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Thread: How to define "species" of an organism if...

  1. #1 How to define "species" of an organism if... 
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    How do biologists determine the species of an organism if it reproduces asexually? How would we know if this organism underwent speciation?


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    WYSIWYG Moderator marnixR's Avatar
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    that's where the species concept of interbreeding populations breaks down, just like it does if you add time to the equation for what we consider to be "normal" species
    in that case biologists usually fall back on the morphological definition of species, based on external characteristics such as how it looks like, what its behaviour is and what its preferred niche is


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    Forum Cosmic Wizard spuriousmonkey's Avatar
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    The ability to breed is just one aspect of one species definition.

    Species can be defined in different manners, and usually it is done so with a specific scientific purpose in mind.

    In fact, the ability to interbreed is a definition which is mostly pretty useless in most aspects of science. Do you think scientists go out into the field, take two random specimens, and check whether they belong to the same species by checking if these two specimens can interbreed?

    No.

    For fossils there is absolutely no evidence at all of interbreeding, so this definition cannot be used at all here either.

    The interbreeding definition comes more from the theoretical structure of the theory of evolution. It's not a practical one, other than in population biology they will speak about breeding populations; groups of individuals which interbreed and are connected by the process of interbreeding. They don't actually check whether they all interbreed. Are two populations of deer that are separated by a big river then two species because they aren't interbreeding with each other?

    They could be and could not be. It all depends on other factors.

    reproducing asexually poses the same problems as sexually reproducing organisms. It is absolutely impossible to say where one species ends, and the other begins, because it is a continuous spectrum of intermediates.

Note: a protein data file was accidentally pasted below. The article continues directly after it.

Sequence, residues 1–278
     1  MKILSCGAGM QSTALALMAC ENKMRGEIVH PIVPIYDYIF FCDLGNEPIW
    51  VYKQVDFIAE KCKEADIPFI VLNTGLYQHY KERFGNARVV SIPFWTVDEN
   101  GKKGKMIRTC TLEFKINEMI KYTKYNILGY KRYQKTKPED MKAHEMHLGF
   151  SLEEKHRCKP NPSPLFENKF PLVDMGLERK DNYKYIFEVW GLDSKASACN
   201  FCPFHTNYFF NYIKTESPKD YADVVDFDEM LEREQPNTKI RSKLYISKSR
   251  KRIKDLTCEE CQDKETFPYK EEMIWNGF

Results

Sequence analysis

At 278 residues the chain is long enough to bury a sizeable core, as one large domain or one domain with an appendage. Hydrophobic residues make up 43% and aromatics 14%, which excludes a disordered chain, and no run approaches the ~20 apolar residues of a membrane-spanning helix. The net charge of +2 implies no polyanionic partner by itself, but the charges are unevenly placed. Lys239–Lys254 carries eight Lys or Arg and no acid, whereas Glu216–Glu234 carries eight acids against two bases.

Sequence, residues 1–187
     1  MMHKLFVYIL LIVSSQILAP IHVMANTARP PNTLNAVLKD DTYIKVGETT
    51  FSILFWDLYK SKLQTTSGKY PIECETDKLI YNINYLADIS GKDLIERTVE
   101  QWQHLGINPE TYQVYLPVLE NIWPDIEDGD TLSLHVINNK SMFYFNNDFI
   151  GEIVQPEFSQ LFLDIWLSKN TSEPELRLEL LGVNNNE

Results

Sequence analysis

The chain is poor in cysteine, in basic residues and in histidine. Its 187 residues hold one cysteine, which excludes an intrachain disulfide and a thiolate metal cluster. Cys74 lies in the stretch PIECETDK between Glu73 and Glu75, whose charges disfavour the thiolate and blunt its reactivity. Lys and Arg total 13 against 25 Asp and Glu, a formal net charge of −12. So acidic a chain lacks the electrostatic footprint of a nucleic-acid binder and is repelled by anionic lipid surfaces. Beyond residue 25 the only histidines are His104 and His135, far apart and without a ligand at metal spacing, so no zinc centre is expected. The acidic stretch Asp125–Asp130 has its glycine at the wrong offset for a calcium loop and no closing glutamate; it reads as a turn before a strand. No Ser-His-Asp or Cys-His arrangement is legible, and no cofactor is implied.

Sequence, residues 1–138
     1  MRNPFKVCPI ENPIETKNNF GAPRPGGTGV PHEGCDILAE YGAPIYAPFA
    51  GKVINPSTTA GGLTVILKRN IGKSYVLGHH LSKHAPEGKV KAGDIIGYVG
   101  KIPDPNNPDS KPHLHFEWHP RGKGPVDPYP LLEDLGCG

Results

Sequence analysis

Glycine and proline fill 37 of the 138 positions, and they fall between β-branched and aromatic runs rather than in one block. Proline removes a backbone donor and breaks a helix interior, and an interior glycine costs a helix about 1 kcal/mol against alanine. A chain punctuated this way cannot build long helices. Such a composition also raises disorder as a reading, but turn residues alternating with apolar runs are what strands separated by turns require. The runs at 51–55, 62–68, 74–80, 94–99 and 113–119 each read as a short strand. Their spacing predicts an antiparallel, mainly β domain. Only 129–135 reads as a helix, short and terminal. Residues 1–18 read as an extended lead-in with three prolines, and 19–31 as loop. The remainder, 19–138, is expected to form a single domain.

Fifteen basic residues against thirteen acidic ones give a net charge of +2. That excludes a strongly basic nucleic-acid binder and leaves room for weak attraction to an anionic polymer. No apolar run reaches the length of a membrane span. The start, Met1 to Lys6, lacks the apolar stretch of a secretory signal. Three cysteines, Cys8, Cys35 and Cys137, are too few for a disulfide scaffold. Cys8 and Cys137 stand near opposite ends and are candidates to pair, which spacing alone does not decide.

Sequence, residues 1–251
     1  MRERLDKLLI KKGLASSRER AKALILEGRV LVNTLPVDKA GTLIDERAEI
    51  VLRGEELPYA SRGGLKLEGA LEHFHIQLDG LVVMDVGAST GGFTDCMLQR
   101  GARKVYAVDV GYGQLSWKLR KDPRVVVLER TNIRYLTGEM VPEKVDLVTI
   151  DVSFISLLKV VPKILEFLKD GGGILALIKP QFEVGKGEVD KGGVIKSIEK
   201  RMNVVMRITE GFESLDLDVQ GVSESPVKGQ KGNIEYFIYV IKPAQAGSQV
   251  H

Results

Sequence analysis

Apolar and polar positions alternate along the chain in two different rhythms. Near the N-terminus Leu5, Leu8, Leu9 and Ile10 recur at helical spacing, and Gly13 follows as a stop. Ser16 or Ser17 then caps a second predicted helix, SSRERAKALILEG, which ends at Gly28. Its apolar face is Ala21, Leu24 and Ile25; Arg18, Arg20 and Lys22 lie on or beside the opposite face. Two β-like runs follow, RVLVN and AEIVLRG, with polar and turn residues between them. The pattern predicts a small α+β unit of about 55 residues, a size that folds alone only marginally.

Defining species is only possible if you stop in time and take an inventory. And there will always be hard cases when you do that due to the nature of evolution.

    Maybe it is also a source of confusion for creationists and IDers since they don't tend to see the whole pictures. They also see ready-made organisms separated by oceans of difference.

    However, just look back, forward, or more deeply and you will see only distributions of character shifting in time and space.

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    Forum Cosmic Wizard paralith's Avatar
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    I'd just like to add that the biological species concept, which is based on interbreeding, does not simply state that two species cannot interbreed, but that they do not. In other words, they may be perfectly capable of physically producing offspring, but perhaps due to other factors like geographic separation, different mating behaviors, different breeding seasons, etc, do not interbreed naturally. The key here is a disruption of gene flow between the two groups; for whatever reason, they do not share genes so that traits which arise in one group do not necessarily spread to the other as well. No, you can't tell if two organisms interbreed in nature if you just pluck them from their populations and look at them. But if there is a large number of traits that differ between them, it's less likely that they're part of populations that share genes with each other. The biological species concept is more theoretical but it does give rise to predictions about differences between two organisms that we would expect if they're from different species. Even aesexual reproducers like bacteria can still pick up genes from each other from time to time.
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    WYSIWYG Moderator marnixR's Avatar
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    the following article on Bdelloid rotifers may be of interest
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